Tan stresses that Tropicana will not need to borrow for the latest asset injection because the bulk of the purchase consideration will be settled via the issue of RCPS.
In its financial year ended Dec 31, 2013 (FY2013), Tropicana posted a net profit of RM362.31 million, up 111% from the preceding year. The big boost came from a net gain in fair value adjustment to RM217.6 million from RM103.4 million in FY2012. Revenue in FY2013 rose 134% year on year to RM1.48 billion.
However, the company’s earnings fell between FY2013 and FY2015, which is hardly surprising as most developers were hit by the prolonged slowdown in the local property market at the time.
More recently, Tropicana’s net profit for the cumulative nine months ended Sept 30, 2018 (9MFY2018), grew 13.5% year on year to RM118.55 million, thanks to cost-saving efforts in its projects.
Revenue, however, fell 18% year on year to RM1.04 billion on lower sales and progress billings across projects.
Tropicana’s property sales for the nine-month period totalled RM542 million while unbilled sales continued to deplete, falling below RM1 billion to RM918 million as at Sept 30, 2018 — a level not seen for almost six years since the fourth quarter of 2012 (RM952 million).
Some quarters say not much value was created for Tropicana from the asset injection in 2012, as its share price proved. The stock peaked at RM1.667 in late May 2013 but has been on a downward trend since. It closed at 89 sen last Friday, giving the company a market capitalisation of RM1.2 billion.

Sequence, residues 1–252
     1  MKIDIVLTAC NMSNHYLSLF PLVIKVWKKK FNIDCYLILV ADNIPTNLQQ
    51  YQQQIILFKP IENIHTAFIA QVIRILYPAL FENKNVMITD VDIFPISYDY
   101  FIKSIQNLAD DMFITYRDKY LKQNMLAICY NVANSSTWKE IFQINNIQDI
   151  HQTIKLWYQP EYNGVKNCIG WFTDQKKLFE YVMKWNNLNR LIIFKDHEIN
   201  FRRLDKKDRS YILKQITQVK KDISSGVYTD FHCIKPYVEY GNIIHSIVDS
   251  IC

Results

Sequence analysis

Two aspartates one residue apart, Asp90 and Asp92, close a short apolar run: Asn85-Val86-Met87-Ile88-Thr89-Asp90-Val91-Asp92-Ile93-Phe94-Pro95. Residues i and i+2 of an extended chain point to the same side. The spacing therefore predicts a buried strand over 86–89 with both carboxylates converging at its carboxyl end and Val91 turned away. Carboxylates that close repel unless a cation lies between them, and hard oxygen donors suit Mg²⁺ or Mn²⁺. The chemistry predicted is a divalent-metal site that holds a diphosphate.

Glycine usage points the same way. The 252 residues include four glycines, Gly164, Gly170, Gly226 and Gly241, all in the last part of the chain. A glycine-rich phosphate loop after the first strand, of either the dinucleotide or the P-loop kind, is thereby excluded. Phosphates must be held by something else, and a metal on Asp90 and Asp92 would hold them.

Sabah, the profit centre
According to Tan, some of the proposed JV projects will be launched between June and July this year. But to him, the two most important projects to be unveiled this year are the one in Genting (potential GDV of RM14 billion) and the resort in Sabah (GDV yet to be determined).
“Last year was bad for the property market. I expect this year to be good. That’s why I think it is a good time to launch the Genting project and the Sabah project, which are already under the group,” Tan says, adding that the two projects are not related to the latest asset injection and proposed JVs.
Tan reveals that Tropicana owns 100 acres of freehold commercial land in Genting, which it had managed to buy for a very good price, thanks to a personal connection.
“We will launch the 550 sq ft units in March this year. We expect to sell them at RM1,200 psf, a price you can only find in KL. We are targeting 70% to 80% of buyers from China and the rest from Singapore and Malaysia,” he says.
As for the project in Sabah, Tan says Tropicana had bought half of a 1,000-acre island managed by the Kota Kinabalu City Hall at an attractive price as well. The group plans to build two-storey villas and a five to six-storey five-star resort hotel there.
Tropicana is targeting buyers from China and South Korea for the villas.
“Tourism is doing superbly well in Sabah, which has the best waters in Malaysia — as good as that of the Maldives. Sabah is very popular with the Chinese, many of whom go there for golf. So, we are building a golf course on the resort,” Tan says.